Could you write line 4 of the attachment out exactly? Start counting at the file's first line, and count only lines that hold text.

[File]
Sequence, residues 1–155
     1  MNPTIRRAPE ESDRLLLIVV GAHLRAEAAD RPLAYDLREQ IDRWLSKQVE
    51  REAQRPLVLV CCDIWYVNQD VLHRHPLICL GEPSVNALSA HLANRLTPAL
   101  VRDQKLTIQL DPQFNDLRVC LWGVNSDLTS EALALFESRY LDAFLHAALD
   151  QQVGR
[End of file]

   101  VRDQKLTIQL DPQFNDLRVC LWGVNSDLTS EALALFESRY LDAFLHAALD